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Elliott wins 1985 Winston 500 at Talladega; races closer to becoming “Million Dollar Bill”

TALLADEGA, Ala., May 5, 1985 – In the spring of 1985, Bill Elliott was the fastest driver on the fastest race track – and it was probably the only time that year the word “comeback” was associated with “Awesome Bill from Dawsonville.” But Elliott needed an “Improba-Bill” comeback to win the Winston 500 at Alabama International Motor Speedway and have a chance to become “Million Dollar Bill.”

Elliott entered the 1985 season with four career NASCAR Winston Cup victories – but three of them occurred the previous year when he finished third in the points standings in just his second full season as a Cup driver and third with team owner Harry Melling. In 30 races in 1984, Elliott collected 13 top-fives, 24 top-10s, four poles and seven outside poles.

In 1985 alone, Elliott produced 11 victories, 11 poles and more than $2 million in winnings – including the richest single-day payday in motorsports history.

That year, for the first time, any driver who won a majority of NASCAR Winston Cup’s marquee races – Daytona 500, Winston 500, Coca-Cola World 600 and Southern 500 – would collect an unprecedented seven-figure windfall, the Winston Million. If no driver won at least three, the first to win two would pocket a $100,000 bonus.

Elliott won the first, the Daytona 500, in convincing fashion. He started from the pole, led 136 of 200 laps and beat Lake Speed, the only other driver on the lead lap, by almost a full second.

Eight races – and two victories – later, Elliott won the pole for the Winston 500 at Alabama International Motor Speedway with a then-speed record 209.398 mph. A victory there would leave him a victory at Charlotte or Darlington away from that $1 million payday.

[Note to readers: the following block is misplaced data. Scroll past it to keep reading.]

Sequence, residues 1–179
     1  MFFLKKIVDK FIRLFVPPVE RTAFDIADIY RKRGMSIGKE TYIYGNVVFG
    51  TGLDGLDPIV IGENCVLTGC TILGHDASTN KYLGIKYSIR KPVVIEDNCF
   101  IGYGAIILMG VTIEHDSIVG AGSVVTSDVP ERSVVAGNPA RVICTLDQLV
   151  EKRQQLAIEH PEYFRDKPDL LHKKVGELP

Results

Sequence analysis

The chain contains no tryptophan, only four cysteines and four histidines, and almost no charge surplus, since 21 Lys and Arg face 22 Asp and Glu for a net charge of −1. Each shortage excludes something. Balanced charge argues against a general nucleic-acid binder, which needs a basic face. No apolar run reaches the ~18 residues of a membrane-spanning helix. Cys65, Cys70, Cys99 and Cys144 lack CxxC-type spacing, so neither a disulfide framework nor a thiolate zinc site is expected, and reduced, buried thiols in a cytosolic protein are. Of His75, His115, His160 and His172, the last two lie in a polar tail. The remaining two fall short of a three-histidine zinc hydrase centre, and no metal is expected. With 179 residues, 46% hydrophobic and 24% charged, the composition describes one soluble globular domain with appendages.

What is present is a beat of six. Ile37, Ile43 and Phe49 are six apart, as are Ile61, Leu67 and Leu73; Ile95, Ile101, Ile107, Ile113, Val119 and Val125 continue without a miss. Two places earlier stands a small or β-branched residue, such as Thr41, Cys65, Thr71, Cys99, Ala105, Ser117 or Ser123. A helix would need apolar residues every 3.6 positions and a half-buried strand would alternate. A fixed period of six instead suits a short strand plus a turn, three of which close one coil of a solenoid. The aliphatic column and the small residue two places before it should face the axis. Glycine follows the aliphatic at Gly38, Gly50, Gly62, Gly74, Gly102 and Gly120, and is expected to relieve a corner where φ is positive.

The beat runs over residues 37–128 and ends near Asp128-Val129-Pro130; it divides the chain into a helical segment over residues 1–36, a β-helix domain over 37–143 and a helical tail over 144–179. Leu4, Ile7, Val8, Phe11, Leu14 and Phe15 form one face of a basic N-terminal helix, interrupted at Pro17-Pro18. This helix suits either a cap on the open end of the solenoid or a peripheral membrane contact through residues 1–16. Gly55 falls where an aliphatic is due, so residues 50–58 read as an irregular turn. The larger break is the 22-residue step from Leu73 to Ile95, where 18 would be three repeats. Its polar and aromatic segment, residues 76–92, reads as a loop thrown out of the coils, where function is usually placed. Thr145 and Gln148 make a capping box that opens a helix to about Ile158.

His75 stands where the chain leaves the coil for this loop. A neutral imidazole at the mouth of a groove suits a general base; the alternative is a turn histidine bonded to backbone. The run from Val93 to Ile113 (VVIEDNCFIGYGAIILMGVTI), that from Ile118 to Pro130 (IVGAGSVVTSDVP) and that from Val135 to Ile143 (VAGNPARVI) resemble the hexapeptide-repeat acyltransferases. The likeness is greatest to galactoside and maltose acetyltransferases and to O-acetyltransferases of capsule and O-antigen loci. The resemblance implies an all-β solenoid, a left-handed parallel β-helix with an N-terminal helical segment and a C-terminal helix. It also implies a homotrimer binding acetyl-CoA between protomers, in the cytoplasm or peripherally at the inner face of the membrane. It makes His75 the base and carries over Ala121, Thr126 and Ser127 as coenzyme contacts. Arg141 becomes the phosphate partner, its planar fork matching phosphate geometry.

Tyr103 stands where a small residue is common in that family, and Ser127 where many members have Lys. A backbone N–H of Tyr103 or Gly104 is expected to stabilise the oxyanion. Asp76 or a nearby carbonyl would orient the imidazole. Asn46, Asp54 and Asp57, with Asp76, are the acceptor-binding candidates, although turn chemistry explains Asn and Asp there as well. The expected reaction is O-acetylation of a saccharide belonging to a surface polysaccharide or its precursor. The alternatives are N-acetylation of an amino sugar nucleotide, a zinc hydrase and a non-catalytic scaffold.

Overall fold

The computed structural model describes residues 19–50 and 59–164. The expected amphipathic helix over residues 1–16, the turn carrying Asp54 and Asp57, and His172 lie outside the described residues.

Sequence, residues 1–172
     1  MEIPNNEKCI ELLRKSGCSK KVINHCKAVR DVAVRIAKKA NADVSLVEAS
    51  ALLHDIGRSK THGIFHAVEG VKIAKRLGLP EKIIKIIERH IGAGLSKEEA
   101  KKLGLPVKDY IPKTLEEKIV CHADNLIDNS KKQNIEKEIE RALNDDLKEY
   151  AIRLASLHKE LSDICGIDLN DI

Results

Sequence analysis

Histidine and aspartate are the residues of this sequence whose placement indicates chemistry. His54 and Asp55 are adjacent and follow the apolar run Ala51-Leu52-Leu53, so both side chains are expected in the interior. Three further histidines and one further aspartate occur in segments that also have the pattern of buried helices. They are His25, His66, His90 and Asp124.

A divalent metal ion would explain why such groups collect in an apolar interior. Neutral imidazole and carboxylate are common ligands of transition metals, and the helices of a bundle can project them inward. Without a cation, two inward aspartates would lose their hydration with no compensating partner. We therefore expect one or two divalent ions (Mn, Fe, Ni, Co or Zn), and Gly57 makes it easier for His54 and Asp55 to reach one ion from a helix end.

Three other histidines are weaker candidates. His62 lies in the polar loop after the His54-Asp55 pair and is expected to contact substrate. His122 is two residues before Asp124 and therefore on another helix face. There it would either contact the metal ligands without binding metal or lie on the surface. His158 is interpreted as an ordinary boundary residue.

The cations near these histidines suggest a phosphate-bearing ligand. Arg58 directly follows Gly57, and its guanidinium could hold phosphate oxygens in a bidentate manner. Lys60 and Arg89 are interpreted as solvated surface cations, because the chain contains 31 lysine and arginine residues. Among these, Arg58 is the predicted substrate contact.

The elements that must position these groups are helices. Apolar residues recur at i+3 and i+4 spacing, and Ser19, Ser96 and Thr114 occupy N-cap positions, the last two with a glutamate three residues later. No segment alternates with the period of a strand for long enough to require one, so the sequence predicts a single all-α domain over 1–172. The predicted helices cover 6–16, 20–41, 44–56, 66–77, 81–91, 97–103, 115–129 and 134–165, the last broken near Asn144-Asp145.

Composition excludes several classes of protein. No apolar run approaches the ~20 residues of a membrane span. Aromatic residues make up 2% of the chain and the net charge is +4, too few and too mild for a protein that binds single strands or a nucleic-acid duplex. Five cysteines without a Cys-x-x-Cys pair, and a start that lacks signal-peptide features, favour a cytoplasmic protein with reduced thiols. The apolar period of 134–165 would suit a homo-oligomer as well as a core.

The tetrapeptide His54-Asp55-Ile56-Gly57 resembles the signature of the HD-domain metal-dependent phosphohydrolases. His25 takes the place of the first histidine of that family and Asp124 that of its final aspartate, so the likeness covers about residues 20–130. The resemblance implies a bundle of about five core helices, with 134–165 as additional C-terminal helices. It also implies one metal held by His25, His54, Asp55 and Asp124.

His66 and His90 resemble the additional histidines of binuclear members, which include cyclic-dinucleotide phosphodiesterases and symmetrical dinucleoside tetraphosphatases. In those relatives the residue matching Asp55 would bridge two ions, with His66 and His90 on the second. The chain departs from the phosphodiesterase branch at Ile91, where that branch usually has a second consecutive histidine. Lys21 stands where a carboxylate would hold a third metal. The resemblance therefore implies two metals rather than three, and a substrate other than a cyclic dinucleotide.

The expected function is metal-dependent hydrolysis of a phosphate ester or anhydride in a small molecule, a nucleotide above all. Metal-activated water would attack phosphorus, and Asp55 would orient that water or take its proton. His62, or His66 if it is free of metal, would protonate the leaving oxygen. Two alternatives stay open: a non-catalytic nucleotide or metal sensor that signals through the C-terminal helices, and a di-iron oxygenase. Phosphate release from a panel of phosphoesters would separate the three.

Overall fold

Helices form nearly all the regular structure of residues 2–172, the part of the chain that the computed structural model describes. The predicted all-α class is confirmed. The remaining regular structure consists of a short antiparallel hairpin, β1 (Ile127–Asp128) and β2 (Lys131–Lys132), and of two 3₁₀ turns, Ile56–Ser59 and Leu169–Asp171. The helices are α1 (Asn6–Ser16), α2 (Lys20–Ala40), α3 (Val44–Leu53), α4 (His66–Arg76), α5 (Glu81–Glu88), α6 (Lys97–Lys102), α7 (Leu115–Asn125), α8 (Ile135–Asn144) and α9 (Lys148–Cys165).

However, about a quarter of the way into the Winston 500, the oil pump in Elliott’s Coors/Melling Thunderbird began to leak, forcing him into an unscheduled pit stop. Meanwhile, the cars on the track were turning laps in excess of 200 mph – the distance of a football field every second. And Elliott was falling farther and farther behind.

When the repairs were completed and he returned to the track, he was about to be lapped for a second time. Lapped at Talladega means 2.66 miles off the pace. Lapped again means being down 51/4 miles, more than 28,000 feet of high-banked superspeedway asphalt. If the distance were a mountain it would be – by far – the tallest in the United States, surpassing Mt. McKinley by nearly a mile and a half, the fourth-tallest in the world, or better yet, a mere 454 feet, give or take a few inches, shorter than Mt. Everest.

Elliott started his comeback and within 100 laps – 266 miles – he was back in front – without the benefit of a caution. He held the lead for 35 of the remaining 44 laps, including the final 20, to win the second leg of the “Big Four.” Elliott completed the 500 miles in two hours, 41 minutes and four seconds for an average speed of 186.288 mph, a record for 500 miles. Kyle Petty and Cale Yarborough finished second and third, respectively, to give Ford its first 1-2-3 finish since the 1969 Dixie 500 at Atlanta.

Darrell Waltrip, who would go on to win the 1985 points championship, won the Coca-Cola World 600 at Charlotte in late May, but Elliott would win at Darlington on Labor Day Weekend to earn the Winston Million.

Awesome Bill from Dawsonville, for winning three of the “Big Four” in 1985 won $1 million, or more than $200,000 more than Terry Labonte won in 1984 when he was the NASCAR Winston Cup champion and the circuit’s leading money winner.

“Winning any one of those four races in a year is difficult,” Elliott explained. “Winning two is twice as hard because everyone is aiming at you after you win the first one. But to win three is a tribute to the way a team works together throughout the season. To win the Winston Million you have to have a good car, which we do with the Coors/Melling Thunderbird, you have to have good engines, which my brother Ernie works hours and hours to provide, but most of all you have to have a team that works hard to prepare cars for every race. You must have all of those – and you have to have some luck, too.”

After winning at Darlington, Elliott led the points standings by 206 points over Waltrip with eight races remaining, but he wouldn’t hold on to win the championship. Elliott would win one more race that year, and despite a NASCAR Winston Cup-leading 11 victories – all on superspeedway – would finish second in the standings to Waltrip by 101 points.

Elliott would win two races and finish fourth in the points standings in 1986 and second in the standings in ’87 before winning his first – and only – Winston Cup title in ’88. Elliott collected 40 wins in a Ford in his career, second only to Ned Jarrett (43).

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